We all want the best for our kids. The jump
from kindergarten to first grade (Primary 1) can be a tough transition so it’s
only natural to want to help. If you are looking for ways to help your kid
master counting and number patterns, extra practice and math home tuition can
help. In today’s post, we’ll share three top activities that you can start
Our counting and number pattern activities
will help your kid strengthen their number sense and improve their ability to
count and identify number patterns. We’ll explain exactly what you need for
each activity and how to introduce it to your child, just like they’d
experience at any top math tuition center in Singapore.
Post-it Number Line
If you’re looking for a quick and simple math activity that will help your kid
with their counting, look no further. The Post-it Number line is a simple
indoor learning activity that your first grader will love!
What you’ll need:
This game is perfect for home maths tuition
as it’s simple to set up and easy to introduce. To keep things simple, use the
masking tape to stick some white paper on any wall in your home. Make sure to
test a little bit of tape first to ensure it doesn’t mark or damage your walls!
Using the white paper as a backing sheet, draw
a long horizontal line and mark it off with numbers to 10, 20 or whichever
number you want to target.
Grab the Post-it notes and write a number
on each one. Stick them to the wall around the number line and ask your kid to
arrange them in order on the number line.
This fun activity helps strengthen your
kids’ number sense, especially if you ask them to count aloud as they position
the numbers. Before long, they’ll be confidently counting to 100 or more with
ease and soaring towards meeting their P1 math targets!
Never heard of a ten frame? Ten Frames make counting and developing number
sense a breeze. They help kids visualize the numbers as they count them and
quickly develop their counting and number pattern skills.
What you’ll need:
items to count
Use the masking tape and create a frame
with ten equal spaces on the floor. This will help your child review counting
up to ten different numbers at a time.
To start with, ask your kid to count to ten
and place the same number of objects in each square. Let’s say you use marbles.
They’d put one marble in the first square, two marbles in the second and so on.
You can also use the Post-it notes from the
first activity. Give your kid the numbers 1-10 and ask them to arrange them in
the correct order in the ten frame.
To help your child develop their number
sense further you can ask them questions as you go. For instance, when they’ve
counted to 5 you can ask “How many more do you need to get to 10?”.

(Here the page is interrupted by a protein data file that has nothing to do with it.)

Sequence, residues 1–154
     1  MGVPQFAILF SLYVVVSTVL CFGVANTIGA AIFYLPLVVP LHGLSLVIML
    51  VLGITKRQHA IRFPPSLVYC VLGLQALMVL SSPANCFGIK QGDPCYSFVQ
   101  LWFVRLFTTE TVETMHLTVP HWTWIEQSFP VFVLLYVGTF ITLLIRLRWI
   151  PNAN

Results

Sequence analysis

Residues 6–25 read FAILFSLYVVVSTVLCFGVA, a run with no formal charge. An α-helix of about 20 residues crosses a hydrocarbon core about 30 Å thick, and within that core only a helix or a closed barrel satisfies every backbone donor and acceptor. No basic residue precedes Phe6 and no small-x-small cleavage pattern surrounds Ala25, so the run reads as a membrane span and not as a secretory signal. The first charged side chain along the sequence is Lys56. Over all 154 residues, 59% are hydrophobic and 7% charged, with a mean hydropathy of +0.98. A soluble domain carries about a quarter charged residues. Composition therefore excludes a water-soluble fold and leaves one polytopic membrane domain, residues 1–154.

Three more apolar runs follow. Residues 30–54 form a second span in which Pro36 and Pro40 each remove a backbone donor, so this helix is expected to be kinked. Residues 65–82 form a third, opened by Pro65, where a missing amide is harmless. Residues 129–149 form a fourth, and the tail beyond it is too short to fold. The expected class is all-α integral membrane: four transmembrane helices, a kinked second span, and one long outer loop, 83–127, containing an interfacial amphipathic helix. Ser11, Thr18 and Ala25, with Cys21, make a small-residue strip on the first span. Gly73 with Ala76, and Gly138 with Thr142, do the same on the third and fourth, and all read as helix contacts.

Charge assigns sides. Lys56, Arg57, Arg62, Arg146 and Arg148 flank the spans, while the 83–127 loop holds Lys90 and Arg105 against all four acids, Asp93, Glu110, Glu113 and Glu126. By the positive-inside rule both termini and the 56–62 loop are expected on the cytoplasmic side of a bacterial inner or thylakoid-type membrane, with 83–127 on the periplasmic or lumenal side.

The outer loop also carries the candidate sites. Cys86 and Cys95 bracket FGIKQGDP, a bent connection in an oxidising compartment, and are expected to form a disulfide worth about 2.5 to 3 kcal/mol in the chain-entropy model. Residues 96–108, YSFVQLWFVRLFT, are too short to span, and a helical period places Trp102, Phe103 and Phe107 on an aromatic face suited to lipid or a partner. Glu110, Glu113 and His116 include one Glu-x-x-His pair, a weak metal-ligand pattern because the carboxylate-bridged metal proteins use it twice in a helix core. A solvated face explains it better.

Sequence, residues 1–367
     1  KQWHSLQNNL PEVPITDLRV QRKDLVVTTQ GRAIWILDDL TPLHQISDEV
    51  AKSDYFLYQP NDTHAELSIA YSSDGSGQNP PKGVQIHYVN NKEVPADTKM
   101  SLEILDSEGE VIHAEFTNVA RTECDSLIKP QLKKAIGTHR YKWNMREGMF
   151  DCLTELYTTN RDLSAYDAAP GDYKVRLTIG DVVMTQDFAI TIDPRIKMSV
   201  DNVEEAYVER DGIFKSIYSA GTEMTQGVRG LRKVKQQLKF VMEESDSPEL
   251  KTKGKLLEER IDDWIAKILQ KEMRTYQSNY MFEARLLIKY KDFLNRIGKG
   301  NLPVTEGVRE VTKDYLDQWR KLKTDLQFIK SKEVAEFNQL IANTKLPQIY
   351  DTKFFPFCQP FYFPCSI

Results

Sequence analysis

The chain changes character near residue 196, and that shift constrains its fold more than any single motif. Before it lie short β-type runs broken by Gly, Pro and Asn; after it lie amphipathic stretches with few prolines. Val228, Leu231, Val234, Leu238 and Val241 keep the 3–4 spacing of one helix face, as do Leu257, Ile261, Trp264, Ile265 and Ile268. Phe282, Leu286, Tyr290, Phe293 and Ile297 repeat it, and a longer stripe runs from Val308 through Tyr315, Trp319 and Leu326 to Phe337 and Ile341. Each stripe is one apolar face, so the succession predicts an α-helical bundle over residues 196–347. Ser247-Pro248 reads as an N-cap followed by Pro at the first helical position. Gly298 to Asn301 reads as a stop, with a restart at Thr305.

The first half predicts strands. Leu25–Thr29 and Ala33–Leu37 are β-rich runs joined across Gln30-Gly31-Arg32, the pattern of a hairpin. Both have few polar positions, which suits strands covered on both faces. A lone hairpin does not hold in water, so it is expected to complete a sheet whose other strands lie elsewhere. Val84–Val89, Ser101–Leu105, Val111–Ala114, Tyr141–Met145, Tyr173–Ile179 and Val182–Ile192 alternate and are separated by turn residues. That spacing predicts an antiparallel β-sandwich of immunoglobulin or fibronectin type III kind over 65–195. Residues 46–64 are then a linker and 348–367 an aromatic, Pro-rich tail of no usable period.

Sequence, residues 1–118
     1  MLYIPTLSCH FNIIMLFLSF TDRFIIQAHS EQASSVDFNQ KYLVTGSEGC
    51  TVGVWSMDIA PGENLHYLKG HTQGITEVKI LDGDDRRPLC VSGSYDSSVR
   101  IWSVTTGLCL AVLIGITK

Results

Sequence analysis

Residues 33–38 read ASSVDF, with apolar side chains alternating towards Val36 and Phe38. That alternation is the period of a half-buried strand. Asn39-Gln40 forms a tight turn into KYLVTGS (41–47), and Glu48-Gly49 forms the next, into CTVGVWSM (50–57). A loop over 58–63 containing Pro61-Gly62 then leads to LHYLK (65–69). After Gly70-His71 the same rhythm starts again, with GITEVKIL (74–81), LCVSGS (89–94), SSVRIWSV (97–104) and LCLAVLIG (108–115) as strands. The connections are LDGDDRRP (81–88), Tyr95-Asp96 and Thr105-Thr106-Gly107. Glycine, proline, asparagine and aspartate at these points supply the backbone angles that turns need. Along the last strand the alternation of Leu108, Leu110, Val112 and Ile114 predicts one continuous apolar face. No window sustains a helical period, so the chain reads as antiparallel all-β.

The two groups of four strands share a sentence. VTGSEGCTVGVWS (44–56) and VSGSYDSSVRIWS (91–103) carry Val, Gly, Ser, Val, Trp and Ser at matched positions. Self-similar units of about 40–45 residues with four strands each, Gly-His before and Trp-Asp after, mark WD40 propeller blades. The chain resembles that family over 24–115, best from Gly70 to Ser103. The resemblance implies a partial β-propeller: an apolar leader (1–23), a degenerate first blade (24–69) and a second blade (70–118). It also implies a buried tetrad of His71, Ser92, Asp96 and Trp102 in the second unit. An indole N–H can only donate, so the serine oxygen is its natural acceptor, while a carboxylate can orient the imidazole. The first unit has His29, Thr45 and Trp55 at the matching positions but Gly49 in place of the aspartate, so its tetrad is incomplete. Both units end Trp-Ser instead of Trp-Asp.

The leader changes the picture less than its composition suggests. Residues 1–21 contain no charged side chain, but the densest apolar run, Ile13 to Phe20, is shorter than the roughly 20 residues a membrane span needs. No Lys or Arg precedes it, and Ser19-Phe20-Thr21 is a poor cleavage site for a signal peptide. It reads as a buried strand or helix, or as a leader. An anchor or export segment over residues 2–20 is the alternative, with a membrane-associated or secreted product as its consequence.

Don’t forget, the same ten frame can be
used to teach numbers up to 100, too! You can use any group of 10 numbers such
as 20 – 29, or 40 – 49, and see if your child can arrange them. You can even
mix things up and start from a random number. For instance, hand your kid the
numbers 26 to 35 written on Post-it notes and ask them to arrange them
correctly. They’ll be counting confidently to 100 in no time!
Paper clip skip counting
An important first-grade skill is skip-counting by 1s, 2s, 3s, 5s, and 10s.
This will help them develop their knowledge of times tables as they get older.
Believe it or not, paper plates and paper clips are one of the simplest ways of
helping your kid develop their skip counting skills. This activity also helps
develop their fine motor skills as well.
What you’ll need:
Paper clips (multicolored)
Start by counting in 2s. Grab a paper plate
and write the two times table around the outside, leaving space for two clips
in between each number. You’d write the numbers 0, 2, 4, 6, 8, 10, 12, 14, 16,
18, and 20.
Ask your kid to clip on two paper clips
between each number. When they’re finished, help them count around in 2s. This
activity is super effective and is used by many math home tutors in Singapore
as it’s sensory as well as visual, so it works for learners who are visual
learners. Kids can use their finger and touch the clips as they count, helping
to reinforce what they are doing.
Once your child is confidently skip-counting
in 2s, you can move onto more challenging tasks such as counting by 5s, then
10s, then 3s. Before long, they’ll be a skip counting wizard!
We suggest trying skip counting by 10s
first as kids generally find this easier. Move to 5s next, before tackling 3s.
Skip counting can be a challenge but don’t worry, they’ll get there! This
activity can easily be packed up to play on the go when you travel.
Whether you’re a busy parent trying to help out your kid or you’re looking
around for the best math home tuition Singapore, these three simple and fun
counting and number pattern activities should help your kid thrive in Primary
1. The key to success is making the practice as fun as possible and being
consistent. Doing five or ten minutes of practice every evening is better than
doing an hour’s worth once per week. Regular practice will help your kid master
counting and develop skip counting superpowers!
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